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<div class="moz-cite-prefix">On 12/04/2012 01:49 PM, Chris Angelico
<pre wrap="">One thing I'm not entirely clear on. Do you run Clinic on a source
file and it edits that file, or is it a step in the build process?
Your description of a preprocessor makes me think the latter, but the
style of code (eg the checksum) suggests the former.
You run Clinic on a source file and it edits that file in-place
(unless you use -o). It's not currently integrated into the build
process. At what time Clinic gets run--manually or
Here's my blue-sky probably-overengineered proposal: we (and when I
say "we" I mean "I") write a cross-platform C program that could be
harmlessly but usefully integrated into the build process. First,
we add a checksum for the *input* into the Clinic output. Next,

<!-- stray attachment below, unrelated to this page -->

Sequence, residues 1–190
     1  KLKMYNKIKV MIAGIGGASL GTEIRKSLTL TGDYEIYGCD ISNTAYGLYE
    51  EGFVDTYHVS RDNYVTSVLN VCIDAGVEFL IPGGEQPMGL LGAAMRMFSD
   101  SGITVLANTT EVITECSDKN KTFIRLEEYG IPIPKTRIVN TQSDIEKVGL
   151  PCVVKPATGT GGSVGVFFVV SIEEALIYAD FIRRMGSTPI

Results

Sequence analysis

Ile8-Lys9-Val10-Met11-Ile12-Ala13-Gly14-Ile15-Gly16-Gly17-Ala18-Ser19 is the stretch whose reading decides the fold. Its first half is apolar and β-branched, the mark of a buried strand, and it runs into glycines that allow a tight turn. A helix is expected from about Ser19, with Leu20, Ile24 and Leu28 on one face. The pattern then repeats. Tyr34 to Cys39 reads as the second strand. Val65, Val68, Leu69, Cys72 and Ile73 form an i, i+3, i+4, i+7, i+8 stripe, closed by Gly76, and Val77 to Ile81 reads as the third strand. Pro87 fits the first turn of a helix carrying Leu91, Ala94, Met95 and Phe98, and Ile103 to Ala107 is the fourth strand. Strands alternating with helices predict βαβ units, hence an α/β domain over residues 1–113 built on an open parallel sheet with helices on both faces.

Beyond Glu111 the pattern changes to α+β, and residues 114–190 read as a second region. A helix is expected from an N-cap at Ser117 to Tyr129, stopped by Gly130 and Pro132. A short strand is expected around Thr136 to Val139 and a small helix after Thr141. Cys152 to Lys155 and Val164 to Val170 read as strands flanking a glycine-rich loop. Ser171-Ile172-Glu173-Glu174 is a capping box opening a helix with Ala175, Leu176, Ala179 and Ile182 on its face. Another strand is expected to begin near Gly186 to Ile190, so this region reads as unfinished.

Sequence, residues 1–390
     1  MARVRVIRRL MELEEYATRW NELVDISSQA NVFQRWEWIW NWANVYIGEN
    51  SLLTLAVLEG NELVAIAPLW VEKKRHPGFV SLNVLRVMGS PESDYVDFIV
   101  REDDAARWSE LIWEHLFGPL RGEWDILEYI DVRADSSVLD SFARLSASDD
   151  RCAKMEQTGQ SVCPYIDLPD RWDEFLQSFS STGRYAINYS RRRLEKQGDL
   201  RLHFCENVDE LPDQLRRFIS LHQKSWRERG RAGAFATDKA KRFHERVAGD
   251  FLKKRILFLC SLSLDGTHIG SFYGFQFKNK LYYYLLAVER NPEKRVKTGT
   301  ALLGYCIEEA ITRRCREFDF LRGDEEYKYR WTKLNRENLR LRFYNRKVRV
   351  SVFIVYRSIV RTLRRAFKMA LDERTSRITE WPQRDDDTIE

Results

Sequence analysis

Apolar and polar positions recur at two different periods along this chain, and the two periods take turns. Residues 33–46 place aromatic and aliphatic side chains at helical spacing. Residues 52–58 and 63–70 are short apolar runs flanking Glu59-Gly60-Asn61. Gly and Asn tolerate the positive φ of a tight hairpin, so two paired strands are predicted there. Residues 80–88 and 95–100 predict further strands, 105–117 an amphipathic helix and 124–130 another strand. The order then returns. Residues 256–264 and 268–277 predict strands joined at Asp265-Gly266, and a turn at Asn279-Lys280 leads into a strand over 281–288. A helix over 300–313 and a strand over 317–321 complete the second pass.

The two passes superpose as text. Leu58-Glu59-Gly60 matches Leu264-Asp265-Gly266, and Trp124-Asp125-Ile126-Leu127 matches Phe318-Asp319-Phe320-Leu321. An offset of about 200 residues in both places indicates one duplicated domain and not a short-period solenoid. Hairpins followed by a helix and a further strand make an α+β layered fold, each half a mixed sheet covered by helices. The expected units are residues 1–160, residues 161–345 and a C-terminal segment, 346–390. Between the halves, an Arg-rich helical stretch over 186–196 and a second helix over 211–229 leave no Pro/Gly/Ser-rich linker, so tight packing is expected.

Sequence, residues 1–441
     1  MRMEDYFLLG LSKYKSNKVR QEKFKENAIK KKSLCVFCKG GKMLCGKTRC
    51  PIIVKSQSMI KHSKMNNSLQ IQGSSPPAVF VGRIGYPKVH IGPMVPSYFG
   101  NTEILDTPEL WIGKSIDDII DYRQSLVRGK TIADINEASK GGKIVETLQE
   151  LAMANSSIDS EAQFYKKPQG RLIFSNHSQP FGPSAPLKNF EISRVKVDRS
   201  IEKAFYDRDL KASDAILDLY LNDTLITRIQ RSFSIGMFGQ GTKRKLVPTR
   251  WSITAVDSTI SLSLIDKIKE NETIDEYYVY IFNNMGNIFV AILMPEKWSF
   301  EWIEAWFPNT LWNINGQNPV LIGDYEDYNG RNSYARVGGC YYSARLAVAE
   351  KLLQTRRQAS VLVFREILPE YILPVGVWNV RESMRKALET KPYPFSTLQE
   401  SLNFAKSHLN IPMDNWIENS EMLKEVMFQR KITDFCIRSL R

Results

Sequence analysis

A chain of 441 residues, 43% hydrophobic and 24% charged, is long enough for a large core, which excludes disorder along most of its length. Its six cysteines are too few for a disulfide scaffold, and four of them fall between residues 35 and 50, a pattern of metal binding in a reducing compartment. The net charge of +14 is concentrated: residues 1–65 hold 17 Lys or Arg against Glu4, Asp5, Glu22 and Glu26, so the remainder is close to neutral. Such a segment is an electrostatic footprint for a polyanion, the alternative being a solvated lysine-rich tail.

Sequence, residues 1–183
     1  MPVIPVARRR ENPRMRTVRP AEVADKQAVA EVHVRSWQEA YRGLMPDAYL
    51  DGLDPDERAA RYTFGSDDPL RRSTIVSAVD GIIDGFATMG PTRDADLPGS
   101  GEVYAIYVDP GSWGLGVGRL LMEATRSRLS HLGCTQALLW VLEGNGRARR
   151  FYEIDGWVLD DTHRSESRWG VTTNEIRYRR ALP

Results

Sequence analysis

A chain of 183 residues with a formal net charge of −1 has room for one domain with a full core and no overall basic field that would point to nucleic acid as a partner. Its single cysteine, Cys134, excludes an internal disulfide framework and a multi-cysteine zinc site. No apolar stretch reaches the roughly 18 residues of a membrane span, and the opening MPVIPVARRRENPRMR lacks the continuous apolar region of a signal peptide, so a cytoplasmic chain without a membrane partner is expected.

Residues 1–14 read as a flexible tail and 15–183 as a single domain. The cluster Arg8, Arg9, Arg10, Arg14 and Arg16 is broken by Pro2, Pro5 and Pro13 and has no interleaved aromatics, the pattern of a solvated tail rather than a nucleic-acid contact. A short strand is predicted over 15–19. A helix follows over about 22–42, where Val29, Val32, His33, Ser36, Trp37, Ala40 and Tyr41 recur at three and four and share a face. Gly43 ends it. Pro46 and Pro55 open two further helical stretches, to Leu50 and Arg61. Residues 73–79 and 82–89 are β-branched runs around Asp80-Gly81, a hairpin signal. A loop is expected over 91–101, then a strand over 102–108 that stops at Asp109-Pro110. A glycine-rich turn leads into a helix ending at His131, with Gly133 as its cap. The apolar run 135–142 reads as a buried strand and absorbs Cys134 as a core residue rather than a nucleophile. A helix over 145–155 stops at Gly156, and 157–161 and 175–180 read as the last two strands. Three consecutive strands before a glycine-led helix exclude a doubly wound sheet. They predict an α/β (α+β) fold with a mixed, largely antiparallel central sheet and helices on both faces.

when you run this program, you give it a C file as an argument.
First it tries to find a working Python on your path. If it finds
one, it uses that Python to run Clinic on the file, propagating any
error code outward. If it doesn't find one, it understands enough
of the Clinic format to scan the C file looking for Clinic blocks.
If it finds one where the checksum doesn't match (for input or
output!) it complains loudly and exits with an error code, hopefully
bringing the build to a screeching halt. This would integrate
Clinic into the build process without making the build reliant on
having a Python interpreter available.<br>
I get the sneaking suspicion that I'm going to rewrite Clinic to run
under either Python 2.7 or 3,<br>